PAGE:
21 PUBLIC HEALTH PRIORITY? estimated 200,000 people non-conflict situations Cukier 500,000 deaths=one death for every minute tuberculosis (2.9 million), HIV/AIDS (2.3 million) and malaria (1.5-2.7 million). youngest and healthiest of society Represent c. one quarter of the 2.3 million deaths due to violence [i],[ii], 42% are suicides, 38% are homicides and 26% are war-related [iii],[iv] [i][ii] [iii][iv] i] Krug, E.E., ed. World Report on Violence and HealthGeneva : WHO, 2002 :i] http://www5.who.int/violence_injury_prevention/main.cfm?p=0000000675#Appendix%204.http://www5.who.int/violence_injury_prevention/main.cfm?p=0000000675#Appendix%204 [ii] United Nations Development Programme (UNDP). UNDP Human Development Report 2000. New York: Oxford, 2000: p. 36: http://hdr.undp.org/reports/view_reports.cfm?year=2000.[ii] http://hdr.undp.org/reports/view_reports.cfm?year=2000 [iii] Reza, A., J.A. Mercy, and E.E. Krug. “Epidemiology of Violent Deaths in the World”, Injury Prevention (7), 2001: 104-111: www.injuryprevention.com.[iii] www.injuryprevention.com [iv] WHO. “Small Arms and Global Health”, paper prepared for SALW talks. Geneva: July 2001: http://www5.who.int/violence_injury_prevention/download.cfm?id=0000000158.[iv] http://www5.who.int/violence_injury_prevention/download.cfm?id=0000000158

22 A PUBLIC HEALTH APPROACH TO SMALL ARMS Based on evidence and science and involve various disciplines of expertise, including epidemiology, but also psychology, sociology, criminology, economics, education and medicine.1 A harm-reduction approach begins with the premise that the weapons, by their very nature, are designed to kill, harm or threaten other beings in a particular context. Given the accepted utility of legal firearms in society, the goal is not typically a ban, as was the case with antipersonnel mines, but regulation or “harm reduction”. 1.Wendy Cukier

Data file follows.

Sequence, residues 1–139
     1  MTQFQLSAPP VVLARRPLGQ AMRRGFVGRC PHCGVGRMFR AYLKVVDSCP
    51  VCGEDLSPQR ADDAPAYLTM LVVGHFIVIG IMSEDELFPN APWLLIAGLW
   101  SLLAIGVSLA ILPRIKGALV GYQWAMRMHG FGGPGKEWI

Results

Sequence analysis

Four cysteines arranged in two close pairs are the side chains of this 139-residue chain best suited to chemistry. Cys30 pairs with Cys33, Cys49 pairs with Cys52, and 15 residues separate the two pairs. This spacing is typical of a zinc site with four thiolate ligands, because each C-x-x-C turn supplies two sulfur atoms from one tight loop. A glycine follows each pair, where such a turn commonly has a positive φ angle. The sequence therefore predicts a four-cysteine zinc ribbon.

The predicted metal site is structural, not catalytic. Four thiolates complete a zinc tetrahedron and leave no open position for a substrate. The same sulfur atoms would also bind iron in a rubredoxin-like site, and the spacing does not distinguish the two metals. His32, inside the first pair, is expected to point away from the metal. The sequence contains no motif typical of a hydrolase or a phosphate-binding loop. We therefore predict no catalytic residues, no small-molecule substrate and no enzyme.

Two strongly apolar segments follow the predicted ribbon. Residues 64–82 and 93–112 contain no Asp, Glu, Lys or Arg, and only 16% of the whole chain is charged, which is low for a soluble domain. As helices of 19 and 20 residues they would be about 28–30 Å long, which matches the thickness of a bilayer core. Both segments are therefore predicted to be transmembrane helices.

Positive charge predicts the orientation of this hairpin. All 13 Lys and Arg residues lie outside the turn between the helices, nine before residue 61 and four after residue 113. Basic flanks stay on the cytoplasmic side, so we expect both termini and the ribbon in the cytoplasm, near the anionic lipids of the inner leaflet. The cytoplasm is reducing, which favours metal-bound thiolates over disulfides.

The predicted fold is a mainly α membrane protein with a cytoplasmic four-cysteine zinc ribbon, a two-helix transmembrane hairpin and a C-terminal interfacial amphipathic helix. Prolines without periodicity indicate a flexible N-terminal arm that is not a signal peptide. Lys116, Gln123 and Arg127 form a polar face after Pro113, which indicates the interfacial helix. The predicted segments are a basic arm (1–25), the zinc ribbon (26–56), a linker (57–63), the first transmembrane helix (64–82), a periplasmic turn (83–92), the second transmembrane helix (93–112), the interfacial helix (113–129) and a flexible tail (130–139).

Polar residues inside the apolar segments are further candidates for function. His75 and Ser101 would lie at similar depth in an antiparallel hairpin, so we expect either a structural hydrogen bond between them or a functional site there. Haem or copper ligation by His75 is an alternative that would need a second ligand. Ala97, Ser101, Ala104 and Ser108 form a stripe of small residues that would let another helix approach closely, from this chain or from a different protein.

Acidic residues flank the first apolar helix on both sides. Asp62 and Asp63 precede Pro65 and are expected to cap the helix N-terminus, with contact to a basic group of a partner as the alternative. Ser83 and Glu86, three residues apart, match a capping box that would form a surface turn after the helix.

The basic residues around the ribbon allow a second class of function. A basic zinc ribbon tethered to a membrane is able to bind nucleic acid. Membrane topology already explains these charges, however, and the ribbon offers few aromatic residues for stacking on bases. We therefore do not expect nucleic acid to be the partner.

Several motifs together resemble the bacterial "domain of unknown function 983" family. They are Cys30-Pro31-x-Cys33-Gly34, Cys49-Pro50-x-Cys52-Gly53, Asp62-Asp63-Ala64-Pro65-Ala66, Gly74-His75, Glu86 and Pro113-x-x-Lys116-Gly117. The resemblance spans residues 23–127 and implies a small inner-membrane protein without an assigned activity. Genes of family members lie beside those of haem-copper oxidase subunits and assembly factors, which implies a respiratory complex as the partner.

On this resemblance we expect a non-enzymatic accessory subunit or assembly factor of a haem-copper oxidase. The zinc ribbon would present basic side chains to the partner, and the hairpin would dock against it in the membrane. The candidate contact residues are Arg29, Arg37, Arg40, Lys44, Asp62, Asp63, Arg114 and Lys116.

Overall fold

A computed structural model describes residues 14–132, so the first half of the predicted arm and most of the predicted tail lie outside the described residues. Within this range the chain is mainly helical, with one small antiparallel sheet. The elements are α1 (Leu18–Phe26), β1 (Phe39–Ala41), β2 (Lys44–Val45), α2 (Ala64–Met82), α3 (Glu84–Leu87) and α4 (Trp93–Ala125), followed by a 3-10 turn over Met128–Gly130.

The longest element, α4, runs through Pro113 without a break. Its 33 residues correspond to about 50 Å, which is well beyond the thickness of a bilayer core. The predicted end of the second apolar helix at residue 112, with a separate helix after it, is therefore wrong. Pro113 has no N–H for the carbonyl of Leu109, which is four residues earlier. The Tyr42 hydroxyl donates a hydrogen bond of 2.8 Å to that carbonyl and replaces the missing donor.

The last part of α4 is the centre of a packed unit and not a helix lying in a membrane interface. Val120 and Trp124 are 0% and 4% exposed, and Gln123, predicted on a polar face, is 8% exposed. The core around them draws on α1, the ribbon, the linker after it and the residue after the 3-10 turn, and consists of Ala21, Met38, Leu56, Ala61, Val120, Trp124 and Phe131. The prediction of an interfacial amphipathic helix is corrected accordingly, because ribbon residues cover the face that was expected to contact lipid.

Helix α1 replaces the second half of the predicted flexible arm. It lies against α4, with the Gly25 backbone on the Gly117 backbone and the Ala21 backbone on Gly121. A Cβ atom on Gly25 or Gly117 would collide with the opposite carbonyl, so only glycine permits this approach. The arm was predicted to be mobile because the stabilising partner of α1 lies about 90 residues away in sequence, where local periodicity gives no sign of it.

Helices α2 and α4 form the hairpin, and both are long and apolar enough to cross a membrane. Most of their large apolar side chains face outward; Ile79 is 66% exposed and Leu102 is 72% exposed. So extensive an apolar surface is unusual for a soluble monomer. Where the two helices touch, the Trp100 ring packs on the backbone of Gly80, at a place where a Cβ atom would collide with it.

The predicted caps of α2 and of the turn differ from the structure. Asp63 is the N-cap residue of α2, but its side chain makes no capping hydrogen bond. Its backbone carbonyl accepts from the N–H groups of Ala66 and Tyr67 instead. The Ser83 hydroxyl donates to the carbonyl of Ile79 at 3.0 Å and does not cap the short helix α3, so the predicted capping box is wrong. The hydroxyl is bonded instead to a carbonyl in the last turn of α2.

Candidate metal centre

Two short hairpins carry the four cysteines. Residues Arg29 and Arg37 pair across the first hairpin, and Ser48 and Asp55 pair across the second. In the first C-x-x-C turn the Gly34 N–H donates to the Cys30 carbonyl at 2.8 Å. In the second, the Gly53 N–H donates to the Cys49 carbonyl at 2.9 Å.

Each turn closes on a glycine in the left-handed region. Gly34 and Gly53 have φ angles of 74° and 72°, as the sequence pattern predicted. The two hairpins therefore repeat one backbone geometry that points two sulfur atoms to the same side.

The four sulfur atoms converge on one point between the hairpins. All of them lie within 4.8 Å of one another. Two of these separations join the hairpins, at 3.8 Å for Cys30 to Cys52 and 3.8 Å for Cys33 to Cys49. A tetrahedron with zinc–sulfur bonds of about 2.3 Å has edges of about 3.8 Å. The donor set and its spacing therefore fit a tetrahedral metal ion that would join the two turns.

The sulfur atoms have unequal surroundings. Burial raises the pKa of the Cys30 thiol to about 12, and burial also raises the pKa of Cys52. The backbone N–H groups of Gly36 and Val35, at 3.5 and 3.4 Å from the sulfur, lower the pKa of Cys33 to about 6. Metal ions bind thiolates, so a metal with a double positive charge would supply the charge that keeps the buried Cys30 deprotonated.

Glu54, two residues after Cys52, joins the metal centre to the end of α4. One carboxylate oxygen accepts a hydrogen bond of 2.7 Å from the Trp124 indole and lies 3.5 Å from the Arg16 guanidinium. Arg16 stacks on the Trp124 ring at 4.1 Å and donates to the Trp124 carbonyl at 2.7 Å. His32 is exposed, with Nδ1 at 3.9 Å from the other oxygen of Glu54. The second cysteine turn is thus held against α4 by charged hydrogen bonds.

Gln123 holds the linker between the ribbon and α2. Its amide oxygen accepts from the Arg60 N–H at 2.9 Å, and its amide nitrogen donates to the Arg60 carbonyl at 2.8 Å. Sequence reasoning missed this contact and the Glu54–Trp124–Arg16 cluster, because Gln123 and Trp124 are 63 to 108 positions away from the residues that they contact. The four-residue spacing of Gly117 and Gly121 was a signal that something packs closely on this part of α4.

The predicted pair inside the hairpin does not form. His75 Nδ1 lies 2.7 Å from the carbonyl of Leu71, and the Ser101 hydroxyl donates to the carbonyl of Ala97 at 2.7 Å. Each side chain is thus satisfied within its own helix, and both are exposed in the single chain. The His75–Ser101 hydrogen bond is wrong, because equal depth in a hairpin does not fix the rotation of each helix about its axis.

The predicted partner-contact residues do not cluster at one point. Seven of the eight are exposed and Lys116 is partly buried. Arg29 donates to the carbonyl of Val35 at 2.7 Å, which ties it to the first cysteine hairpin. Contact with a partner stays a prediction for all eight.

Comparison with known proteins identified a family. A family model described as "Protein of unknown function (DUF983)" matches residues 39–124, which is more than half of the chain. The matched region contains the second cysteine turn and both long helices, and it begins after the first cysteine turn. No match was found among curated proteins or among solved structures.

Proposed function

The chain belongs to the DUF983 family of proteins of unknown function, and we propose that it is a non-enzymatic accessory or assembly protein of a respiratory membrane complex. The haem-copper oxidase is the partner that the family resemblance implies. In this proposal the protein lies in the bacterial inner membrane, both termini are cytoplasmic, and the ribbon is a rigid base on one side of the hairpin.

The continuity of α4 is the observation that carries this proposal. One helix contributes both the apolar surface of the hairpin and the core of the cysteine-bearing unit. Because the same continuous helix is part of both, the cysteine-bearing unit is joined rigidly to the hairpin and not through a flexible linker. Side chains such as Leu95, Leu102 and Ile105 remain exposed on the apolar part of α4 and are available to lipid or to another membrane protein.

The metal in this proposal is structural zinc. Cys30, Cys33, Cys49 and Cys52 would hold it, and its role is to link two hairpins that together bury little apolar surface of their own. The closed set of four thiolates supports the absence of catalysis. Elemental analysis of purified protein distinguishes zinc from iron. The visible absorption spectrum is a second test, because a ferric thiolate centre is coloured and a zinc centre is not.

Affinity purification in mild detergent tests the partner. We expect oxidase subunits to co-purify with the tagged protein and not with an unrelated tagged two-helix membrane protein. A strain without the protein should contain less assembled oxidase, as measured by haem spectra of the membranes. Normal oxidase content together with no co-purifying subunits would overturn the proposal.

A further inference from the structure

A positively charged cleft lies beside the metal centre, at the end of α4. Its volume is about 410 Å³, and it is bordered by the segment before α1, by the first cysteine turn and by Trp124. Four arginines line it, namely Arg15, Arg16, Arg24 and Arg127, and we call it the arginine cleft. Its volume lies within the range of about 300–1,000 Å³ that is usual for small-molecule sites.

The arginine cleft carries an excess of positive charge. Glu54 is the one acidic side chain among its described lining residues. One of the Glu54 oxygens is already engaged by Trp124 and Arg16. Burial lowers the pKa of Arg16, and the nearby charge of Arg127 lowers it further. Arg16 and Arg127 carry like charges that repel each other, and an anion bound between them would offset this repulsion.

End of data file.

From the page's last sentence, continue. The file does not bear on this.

23 Homicides rates El Salvador

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26 Evaluation Activities Needs Assessment – Conditions program is intended to address Assessment of Program Theory – Conceptualization & design Assessment of Program Process – Operations, implementation & delivery Impact Assessment – Outcomes & impact Efficiency Assessment – Cost & cost effectiveness

27 Source: CDC. Framework for Program Evaluation in Public Health. MMWR 1999;48(No.RR-11)

28 Long-term Outcomes Intermediate Outcomes Initial Outcomes Outputs Activities Inputs End Conflict / Build sustainable, just structures

29 impact evaluation of PTH Ken Bush PhD Pol. Sci. “ A Measure of Peace: Peace and Conflict Impact Assessment (PCIA) of Development Projects in Conflict Zones, ” IDRC, Ottawa1998. PCIA “ A means of anticipating and evaluating the impacts of proposed and completed development interventions on the structures and processes that strengthen the prospects for peaceful coexistence and decrease the likelihood of the outbreak, recurrence or continuation of violent conflict; and the structures and processes that increase the likelihood that conflict be dealt with through violent means. ”

30 Do No Harm Categories of Negative Impacts 1 Worsening divisions between conflicting groups 2 Increasing danger for participants in peace activities 3 Reinforcing structural or overt violence 4 Diverting resources from productive peace activities 5 Increasing cynicism 6 Disempowering local people